Displaying your photos at an adequate size can transform a room!



Do you see how the photo above has enhanced the room. It has become the centrepiece and adds to the decor like a piece of art.

The trouble with small photographs is that they aren’t large enough for you to enjoy as you go about your day. This is because you’re not able to see the eyes and face clearly and the eyes are the window to the soul. That’s where the spirit of the photo is and if it’s printed too small then the value is lost. It just becomes another thing to dust!

3. Photoshop or not?
Ask your photographer if they will use Photoshop on your photos. Even if you want natural looking photos, it’s still an important question to ask. This is because even natural looking photos need to have their contrast, colours and sharpening enhanced.



In fact, even the simple enhancements to your photos can take several hours and if you like some of the creative effects that can be achieved in Photoshop, then that can become extremely time-consuming. When you invest in having family portraits taken, it’s this time, talent, dedication and attention to detail that you’re actually paying for. If you’re quoted a bargain price then it’s often these details that are being skimped on. On larger wall portraits the smallest issue with the image will be magnified greatly, which is why you really need someone who specialises in wall portraiture like I do.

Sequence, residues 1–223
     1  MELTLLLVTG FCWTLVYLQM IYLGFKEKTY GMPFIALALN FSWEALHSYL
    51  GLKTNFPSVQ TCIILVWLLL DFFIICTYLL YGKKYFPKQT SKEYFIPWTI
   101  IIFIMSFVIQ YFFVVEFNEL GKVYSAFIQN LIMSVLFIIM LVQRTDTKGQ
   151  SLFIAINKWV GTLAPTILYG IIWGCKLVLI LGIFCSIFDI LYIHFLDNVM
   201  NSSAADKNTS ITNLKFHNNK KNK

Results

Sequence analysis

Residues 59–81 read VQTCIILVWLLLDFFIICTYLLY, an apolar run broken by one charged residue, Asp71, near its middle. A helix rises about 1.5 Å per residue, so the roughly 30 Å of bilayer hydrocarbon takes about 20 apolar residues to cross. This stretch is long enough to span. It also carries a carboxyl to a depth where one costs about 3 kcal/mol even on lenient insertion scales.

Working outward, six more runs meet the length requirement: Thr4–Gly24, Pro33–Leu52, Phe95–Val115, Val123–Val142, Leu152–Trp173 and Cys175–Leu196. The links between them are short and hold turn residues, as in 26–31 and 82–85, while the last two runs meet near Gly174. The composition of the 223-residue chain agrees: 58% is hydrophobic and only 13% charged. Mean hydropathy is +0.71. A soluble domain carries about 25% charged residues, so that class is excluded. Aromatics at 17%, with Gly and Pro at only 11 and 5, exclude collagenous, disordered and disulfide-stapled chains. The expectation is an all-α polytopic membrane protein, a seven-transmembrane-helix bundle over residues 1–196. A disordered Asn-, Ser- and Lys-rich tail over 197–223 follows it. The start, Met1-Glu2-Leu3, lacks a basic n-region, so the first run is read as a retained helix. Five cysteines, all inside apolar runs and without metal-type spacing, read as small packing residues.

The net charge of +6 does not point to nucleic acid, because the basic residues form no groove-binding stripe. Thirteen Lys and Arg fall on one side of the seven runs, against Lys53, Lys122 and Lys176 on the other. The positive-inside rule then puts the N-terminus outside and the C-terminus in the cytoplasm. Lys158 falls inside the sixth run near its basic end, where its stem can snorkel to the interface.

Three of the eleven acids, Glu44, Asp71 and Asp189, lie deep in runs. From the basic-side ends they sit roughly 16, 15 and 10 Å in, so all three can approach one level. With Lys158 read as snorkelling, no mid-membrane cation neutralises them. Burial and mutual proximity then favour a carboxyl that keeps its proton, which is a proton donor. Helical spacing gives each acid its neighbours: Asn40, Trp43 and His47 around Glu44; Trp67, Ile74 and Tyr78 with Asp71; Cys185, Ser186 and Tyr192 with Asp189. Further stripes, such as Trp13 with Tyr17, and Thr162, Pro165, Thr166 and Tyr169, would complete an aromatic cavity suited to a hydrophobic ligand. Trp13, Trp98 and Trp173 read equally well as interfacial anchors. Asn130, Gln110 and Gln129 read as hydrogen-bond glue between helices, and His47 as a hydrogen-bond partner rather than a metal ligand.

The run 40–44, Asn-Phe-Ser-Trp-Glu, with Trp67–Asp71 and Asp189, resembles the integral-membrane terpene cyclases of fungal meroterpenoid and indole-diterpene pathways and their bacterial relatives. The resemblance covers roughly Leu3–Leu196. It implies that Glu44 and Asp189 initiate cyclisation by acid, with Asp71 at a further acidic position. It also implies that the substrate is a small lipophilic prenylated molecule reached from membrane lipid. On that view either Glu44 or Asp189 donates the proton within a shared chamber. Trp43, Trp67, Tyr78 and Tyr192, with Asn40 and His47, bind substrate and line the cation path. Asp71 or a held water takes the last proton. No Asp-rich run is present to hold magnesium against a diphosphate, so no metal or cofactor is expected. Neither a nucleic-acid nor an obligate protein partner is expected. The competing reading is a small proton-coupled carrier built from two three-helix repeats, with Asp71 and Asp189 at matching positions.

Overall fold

4. Is there a time limit?
Look out for how long your portrait session will be. Many photographers will put a time limit on it. It’s hard to guarantee stunning photographs if the clock is ticking. This is because it takes a while for you to relax into the session. If children or animals are involved it can slow things down even more. Imagine if you only have half an hour and your child needs their nappy changing or decides to have a grump for a while… …you’re not left with much leeway for clothing changes or different family groupings either.

I don’t have a time limit on my portrait sessions. I only finish when you’re happy we have captured photos that you’ll love.



5. Can you take photographs like this…?
Before you speak to a photographer it’s worth searching the internet for some inspiration for the kind of photos you like. You may find that some photographers aren’t able to achieve your desired style. Alternatively you may find that the style you like isn’t on their website, but when you ask them about it they can send you some examples of similar work they have done previously.



6. Should you have the photos put on a CD?
The first thing you need to ask yourself is why you want them on a CD. Sometimes it makes perfect sense to have them on CD and other times it’s not the best option.

The pitfalls of having your photos on CD: If you want to print and frame the photos yourself then you need to consider the following issues. What a lot of people forget when investing in a CD is that the job is only half done. You still need to get the photos printed and if you get them printed on the high street then I’m afraid the quality will be very poor and will deteriorate quickly over the next few years because the inks fade.